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Taken from Norman Gash, Sir Robert Peel (Longman, London & New York, 1972), pp. 78-83.
Earl Spencer had died on the afternoon of 10 November. Two days later Melbourne wrote to the king asking for an interview to discuss the arrangements necessitated by Althorp’s elevation to the upper House. His mood was dispassionate to the point of indifference. Four months’ experience of the premiership had confirmed his fundamentally pessimistic attitude to politics. Since the end of the session the complaints of the Dissenters, the public extravagances of Brougham, the attacks of O’Connell, a threatened resignation from Lansdowne, the quarrels of Durham with Brougham and Russell, had endeared to him neither the colleagues he had inherited from Grey nor the political allies forced upon him by circumstances. On 16 October, two days after the Peels left England, a destructive fire in the rambling palace of Westminster had gutted the House of Lords and burnt down the ancient chapel of St. Stephen’s which had been the meeting-place of the lower House since the reign of Henry VIII. The old House of Commons had gone the way of its old constitution and to the prime minister’s nostalgic and melancholy mind it seemed, as he watched the flames, to symbolise the passing of the old order of politics to which he belonged.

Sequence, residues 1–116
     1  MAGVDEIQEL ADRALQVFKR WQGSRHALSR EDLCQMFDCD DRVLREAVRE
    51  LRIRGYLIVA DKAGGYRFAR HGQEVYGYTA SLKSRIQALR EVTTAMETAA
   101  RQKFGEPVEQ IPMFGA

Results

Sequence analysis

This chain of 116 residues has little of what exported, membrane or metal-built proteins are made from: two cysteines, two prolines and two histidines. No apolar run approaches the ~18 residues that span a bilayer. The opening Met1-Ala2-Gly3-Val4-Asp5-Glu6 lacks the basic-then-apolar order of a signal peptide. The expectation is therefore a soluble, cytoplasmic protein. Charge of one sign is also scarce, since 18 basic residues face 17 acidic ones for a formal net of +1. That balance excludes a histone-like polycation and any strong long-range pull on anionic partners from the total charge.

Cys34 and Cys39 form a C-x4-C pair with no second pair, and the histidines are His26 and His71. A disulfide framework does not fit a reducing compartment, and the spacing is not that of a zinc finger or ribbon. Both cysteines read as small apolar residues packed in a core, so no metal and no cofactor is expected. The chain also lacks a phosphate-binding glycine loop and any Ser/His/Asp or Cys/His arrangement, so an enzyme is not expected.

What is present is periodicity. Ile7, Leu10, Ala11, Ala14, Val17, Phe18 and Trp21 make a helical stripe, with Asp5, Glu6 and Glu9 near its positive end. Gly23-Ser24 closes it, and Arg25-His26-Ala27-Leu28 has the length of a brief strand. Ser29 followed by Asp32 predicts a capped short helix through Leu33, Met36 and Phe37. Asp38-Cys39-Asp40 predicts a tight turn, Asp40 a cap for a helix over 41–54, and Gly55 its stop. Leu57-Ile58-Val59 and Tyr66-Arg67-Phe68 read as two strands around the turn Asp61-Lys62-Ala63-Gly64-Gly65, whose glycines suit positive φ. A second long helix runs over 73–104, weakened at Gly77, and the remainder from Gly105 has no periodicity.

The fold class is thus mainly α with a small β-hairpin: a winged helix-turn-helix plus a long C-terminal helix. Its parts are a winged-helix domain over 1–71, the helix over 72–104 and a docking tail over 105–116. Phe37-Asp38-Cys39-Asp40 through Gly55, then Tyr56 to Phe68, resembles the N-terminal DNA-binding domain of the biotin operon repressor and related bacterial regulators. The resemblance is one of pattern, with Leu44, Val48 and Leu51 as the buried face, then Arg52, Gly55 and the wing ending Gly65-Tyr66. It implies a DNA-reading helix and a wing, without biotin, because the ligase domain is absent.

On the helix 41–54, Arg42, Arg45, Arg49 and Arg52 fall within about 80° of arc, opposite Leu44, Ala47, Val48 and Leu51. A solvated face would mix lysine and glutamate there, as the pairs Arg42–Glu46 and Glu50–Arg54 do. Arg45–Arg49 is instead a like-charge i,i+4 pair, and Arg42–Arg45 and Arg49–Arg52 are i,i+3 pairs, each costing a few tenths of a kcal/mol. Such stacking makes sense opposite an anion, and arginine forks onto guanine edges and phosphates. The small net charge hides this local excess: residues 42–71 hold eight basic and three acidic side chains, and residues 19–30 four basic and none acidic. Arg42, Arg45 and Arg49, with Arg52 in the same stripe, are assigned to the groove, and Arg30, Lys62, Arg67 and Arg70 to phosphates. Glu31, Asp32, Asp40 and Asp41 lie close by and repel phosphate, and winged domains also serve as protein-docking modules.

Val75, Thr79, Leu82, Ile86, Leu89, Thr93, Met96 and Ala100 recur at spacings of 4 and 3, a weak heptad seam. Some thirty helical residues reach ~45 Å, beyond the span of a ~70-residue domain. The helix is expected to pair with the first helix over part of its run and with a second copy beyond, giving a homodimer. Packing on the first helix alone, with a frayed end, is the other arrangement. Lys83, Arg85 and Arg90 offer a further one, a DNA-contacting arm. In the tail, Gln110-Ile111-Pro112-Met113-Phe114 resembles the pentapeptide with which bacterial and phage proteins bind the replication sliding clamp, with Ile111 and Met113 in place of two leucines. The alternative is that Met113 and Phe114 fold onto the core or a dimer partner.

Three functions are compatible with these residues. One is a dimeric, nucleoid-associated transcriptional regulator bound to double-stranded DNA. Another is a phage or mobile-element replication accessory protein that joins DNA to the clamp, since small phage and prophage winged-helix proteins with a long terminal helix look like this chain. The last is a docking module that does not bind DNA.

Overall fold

In his letter to the king four weeks later he reminded him that in its existing form the government had been chiefly founded on Althorp’s weight and influence in the Commons and asked whether he should proceed with fresh arrangements to carry on the business of the government, or whether the king wished to follow some other course. He added that no personal consideration for Melbourne should deter the king from taking any action that was in the interests of the public service. Privately he was disturbed not so much by Althorp’s removal from the Commons, which was inevitable and long foreseen, as by his known wish to leave office altogether; and it is more than possible that the phrasing of his letter to the king was designed to open the way for the new Earl Spencer to succeed him as prime minister. For the king, however, who had brooded during the autumn over the state of politics and the onward march of reform, it seemed that a way had opened for an even more salutary change. Though, when Melbourne arrived at Brighton on 13 November, he disappointed his royal master by refraining from any mention of resignation or indeed from any suggestion that the ministry could not carry on, William’s mind was made up. What alarmed him above all was the attitude of the government towards Irish Church reform., further plans for which had been indiscreetly communicated to him by Duncannon. Melbourne’s only important proposal - the appointment of Russell as leader of the House of Commons in place of Althorp - seemed proof that his ministers were now firmly committed to the extreme policy which had provoked the resignation of the Stanleyites in the summer. Melbourne pointed out that neither he nor the king was pledged to any Irish Church measure, and the king could always refuse consent to any proposal made to him. But William, not without commonsense, rejected this somewhat sophisticated argument and after sleeping on the decision, gave Melbourne a note of dismissal the following day. As originally drafted it made the ground of his action the proposed appointment in the Commons, but this was softened at Melbourne’s suggestion to avoid any personal offence. The final version made it appear that it was simply Althorp’s departure to the upper House which had prompted the king’s action. Piqued, momentarily angered, but too proud to protest, Melbourne returned to London on the evening of 14 November, carrying with him a sealed packet for delivery at St. James’s Palace which with sardonic humour he realised must contain a message for the Duke of Wellington. For the last time in British history a monarch had dismissed his political servants; and Melbourne’s first ministry was over before it had barely started.